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(p. 35) 2. Realism and foreign policy 

(p. 35) 2. Realism and foreign policy
Chapter:
(p. 35) 2. Realism and foreign policy
Author(s):

William C. Wohlforth

DOI:
10.1093/hepl/9780198708902.003.0002
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date: 25 February 2021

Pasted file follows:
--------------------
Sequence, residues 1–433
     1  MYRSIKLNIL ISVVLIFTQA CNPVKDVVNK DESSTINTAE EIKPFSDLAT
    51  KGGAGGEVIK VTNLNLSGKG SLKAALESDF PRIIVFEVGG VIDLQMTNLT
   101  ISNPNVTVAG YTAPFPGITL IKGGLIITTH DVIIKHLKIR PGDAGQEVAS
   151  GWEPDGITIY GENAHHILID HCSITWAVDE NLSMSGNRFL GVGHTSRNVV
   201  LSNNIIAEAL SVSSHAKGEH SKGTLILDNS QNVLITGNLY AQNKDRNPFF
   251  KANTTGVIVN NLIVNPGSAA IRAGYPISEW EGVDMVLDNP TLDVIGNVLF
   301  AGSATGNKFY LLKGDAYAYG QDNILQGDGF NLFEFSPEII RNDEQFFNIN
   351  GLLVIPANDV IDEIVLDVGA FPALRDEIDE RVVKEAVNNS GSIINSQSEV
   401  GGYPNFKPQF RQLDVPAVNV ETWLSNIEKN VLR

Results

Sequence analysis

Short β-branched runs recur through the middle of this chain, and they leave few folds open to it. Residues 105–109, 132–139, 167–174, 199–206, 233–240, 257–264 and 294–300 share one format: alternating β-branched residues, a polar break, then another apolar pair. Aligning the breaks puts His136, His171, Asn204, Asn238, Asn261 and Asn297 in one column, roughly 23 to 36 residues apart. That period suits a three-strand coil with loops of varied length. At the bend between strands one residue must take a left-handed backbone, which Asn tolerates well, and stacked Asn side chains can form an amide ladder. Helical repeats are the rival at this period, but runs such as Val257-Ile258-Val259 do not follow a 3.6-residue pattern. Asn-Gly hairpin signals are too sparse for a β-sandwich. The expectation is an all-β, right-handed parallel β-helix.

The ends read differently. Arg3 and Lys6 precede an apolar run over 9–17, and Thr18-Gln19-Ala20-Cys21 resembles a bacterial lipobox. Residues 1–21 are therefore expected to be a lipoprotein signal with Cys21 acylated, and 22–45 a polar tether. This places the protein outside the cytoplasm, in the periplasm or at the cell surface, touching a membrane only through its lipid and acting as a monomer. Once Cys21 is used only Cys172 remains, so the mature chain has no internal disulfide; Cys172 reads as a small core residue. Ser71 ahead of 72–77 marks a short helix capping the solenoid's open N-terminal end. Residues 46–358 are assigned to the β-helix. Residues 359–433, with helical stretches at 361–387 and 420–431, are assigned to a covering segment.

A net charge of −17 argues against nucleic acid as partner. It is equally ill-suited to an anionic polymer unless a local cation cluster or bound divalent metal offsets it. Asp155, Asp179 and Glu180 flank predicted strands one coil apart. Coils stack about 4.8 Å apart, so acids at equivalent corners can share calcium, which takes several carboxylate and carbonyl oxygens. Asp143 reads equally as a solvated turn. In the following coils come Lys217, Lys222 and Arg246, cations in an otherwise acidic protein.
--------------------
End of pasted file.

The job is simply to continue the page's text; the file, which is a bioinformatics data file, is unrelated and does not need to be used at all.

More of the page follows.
This chapter considers how familiarity with realist theory improves foreign policy analysis (FPA), focusing on two features of realism that are often in tension with each other: its firm grounding in centuries of real foreign policy practice, and its aspiration to create powerful general theories that help to simplify and explain the international setting in which foreign policy takes place. The chapter begins with a discussion of the main theoretical schools within realism, namely, classical realism, defensive realism, offensive realism, and neoclassical realism, as well as theories within realism: balance of power theory, balance of threat theory, hegemonic stability theory, and power transition theory. It also examines how realism is applied to the analysis and practice of foreign policy and highlights the main pitfalls in applying realist theories to FPA. Finally, it evaluates some guidelines for avoiding those pitfalls and using realist insights to sharpen the analysis of foreign policy.

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